U.S. Army Recaptures Waste Heat With Thermo-Electric Generator



What can you do with 200 watts? You can power your headlights and tail lights, run your stereo or help recharge your hybrid battery to increase range. If that energy is free because it comes from engine heat that would otherwise go to waste, that’s power your alternator doesn’t have to generate, which saves some fuel. Free is good, right?

The US Army certainly thinks so. It will combine five 200 watt modular units from GMZ Energy to recapture 1000 watts from the diesel engines heat of its Bradley Fighting Vehicles. That may not sound like a big deal until you realize that under battlefield conditions, a gallon of gasoline can cost the equivalent of $400.00 or more, and that the U.S. military is one of the biggest energy consumers in the world.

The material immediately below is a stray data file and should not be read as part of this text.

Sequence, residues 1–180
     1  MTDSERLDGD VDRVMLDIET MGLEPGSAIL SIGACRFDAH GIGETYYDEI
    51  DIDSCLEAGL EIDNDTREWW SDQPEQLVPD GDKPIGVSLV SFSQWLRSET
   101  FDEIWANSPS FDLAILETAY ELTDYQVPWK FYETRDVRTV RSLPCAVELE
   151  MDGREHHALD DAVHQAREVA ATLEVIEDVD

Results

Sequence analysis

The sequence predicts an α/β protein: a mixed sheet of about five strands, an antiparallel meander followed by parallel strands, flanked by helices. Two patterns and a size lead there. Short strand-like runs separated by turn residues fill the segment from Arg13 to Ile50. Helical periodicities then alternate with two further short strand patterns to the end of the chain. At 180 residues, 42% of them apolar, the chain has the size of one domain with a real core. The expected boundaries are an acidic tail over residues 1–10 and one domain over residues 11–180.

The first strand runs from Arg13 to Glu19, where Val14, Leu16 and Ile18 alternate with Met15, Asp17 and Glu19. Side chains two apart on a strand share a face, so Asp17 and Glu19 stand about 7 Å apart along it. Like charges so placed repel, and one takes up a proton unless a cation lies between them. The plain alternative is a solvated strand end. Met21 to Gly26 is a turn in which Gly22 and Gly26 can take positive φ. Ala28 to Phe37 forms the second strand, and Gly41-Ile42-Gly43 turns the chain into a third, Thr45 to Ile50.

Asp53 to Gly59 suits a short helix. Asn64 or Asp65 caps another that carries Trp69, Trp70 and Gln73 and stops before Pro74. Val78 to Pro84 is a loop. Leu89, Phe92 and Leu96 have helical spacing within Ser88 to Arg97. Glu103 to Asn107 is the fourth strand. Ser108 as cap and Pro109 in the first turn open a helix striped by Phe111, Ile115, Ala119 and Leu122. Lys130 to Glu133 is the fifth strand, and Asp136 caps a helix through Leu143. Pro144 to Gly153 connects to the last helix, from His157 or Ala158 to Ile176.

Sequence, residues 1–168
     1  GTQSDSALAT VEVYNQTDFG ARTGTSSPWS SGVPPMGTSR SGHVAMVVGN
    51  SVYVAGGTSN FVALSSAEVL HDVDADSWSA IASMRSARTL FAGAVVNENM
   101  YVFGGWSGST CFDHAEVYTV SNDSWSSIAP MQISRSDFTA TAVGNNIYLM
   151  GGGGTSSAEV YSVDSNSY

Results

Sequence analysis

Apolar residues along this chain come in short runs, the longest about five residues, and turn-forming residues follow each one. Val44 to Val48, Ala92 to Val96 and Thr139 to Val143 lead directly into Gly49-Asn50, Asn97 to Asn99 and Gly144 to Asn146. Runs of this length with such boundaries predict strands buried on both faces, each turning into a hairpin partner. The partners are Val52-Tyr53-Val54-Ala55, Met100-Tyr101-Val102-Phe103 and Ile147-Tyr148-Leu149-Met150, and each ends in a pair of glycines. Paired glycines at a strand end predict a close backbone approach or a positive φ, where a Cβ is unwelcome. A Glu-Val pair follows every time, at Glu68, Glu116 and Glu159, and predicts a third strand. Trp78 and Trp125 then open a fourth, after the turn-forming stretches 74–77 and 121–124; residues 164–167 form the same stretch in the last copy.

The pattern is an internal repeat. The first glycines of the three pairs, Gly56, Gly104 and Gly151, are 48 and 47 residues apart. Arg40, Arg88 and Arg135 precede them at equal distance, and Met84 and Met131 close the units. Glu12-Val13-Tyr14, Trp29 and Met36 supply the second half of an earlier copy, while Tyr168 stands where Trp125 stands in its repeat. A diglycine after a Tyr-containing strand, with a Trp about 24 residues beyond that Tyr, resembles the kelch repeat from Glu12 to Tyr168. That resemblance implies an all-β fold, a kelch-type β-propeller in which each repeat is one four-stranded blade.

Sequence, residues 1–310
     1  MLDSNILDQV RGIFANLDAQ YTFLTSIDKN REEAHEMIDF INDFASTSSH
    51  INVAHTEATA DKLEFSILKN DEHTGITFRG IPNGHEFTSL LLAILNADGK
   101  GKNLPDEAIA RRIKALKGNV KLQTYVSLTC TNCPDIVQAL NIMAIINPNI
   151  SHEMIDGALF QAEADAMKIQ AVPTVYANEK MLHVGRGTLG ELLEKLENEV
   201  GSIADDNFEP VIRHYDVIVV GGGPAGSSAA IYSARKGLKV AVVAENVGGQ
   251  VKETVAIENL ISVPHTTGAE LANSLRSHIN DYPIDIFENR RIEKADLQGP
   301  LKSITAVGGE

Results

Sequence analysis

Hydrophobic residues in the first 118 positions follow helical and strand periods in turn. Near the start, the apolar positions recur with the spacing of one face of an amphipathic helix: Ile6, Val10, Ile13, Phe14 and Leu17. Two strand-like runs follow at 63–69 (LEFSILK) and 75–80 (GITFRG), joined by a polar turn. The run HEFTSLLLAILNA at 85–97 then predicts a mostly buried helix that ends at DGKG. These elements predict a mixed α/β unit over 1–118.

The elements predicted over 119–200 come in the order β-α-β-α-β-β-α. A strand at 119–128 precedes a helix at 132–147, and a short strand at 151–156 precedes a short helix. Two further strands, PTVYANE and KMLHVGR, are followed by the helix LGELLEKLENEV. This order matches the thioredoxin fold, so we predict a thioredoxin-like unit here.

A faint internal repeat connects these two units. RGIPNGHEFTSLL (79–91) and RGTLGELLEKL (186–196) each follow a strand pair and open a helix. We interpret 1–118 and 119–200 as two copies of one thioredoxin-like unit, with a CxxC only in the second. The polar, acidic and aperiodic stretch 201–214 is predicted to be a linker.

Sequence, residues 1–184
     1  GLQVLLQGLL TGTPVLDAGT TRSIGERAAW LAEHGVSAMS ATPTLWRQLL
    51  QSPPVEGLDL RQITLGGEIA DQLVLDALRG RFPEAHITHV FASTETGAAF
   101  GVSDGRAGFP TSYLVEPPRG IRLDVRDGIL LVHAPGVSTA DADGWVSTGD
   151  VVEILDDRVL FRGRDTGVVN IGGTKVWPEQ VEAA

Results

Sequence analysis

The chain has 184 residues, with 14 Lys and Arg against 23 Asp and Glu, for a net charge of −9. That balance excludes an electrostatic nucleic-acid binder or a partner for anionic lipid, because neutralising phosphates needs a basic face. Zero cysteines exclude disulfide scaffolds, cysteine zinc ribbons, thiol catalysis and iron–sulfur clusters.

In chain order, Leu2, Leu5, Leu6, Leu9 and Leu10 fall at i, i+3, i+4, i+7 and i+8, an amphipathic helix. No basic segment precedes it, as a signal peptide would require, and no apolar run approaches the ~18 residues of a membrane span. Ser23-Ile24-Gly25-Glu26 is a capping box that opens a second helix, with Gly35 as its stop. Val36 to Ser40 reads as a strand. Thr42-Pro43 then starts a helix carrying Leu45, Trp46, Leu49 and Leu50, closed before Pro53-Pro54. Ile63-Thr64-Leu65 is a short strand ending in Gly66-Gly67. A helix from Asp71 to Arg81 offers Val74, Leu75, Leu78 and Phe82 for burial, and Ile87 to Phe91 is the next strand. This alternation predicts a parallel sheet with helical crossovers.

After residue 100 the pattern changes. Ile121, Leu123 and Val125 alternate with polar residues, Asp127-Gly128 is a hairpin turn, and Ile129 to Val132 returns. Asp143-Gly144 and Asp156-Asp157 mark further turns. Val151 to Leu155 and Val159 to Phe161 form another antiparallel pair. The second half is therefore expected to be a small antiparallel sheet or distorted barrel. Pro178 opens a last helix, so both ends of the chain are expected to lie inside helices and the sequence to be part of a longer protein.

Thermo Electric Generator

How does a thermo-electric generator (TEG) work? It utilizes the Seebeck Effect to create a voltage between the very hot side of the unit mounted directly to the engine block and the cooler side away from the engine. The larger the difference in temperature between the two sides, the greater the flow of electricity generated. TEG’s have not had a very good reputation recently, but thanks to $1.5 million dollars in research and development funds provided by the TARDEC (US Army Tank Automotive Research, Development and Engineering Center), GMZ has succeeded in making its TEG’s meet the 200 watt per unit target set by the military.

According to Business Wire, the GMZ units are “are the first commercially available, off-the-shelf modules capable of operating with continuous hot-side temperatures up to 600°C while at power densities greater than one Watt/cm².” Recapturing waste heat is becoming a hot topic in motor racing these days. (No pun intended.) It is only a matter of time before this technology trickles down to the cars and trucks we use for daily driving.



Steve Hanley

Closely following the transition from internal combustion to electricity. Whether it's cars, trucks, ships, or airplanes, sustainability is the key. Please follow me on Google + and Twitter.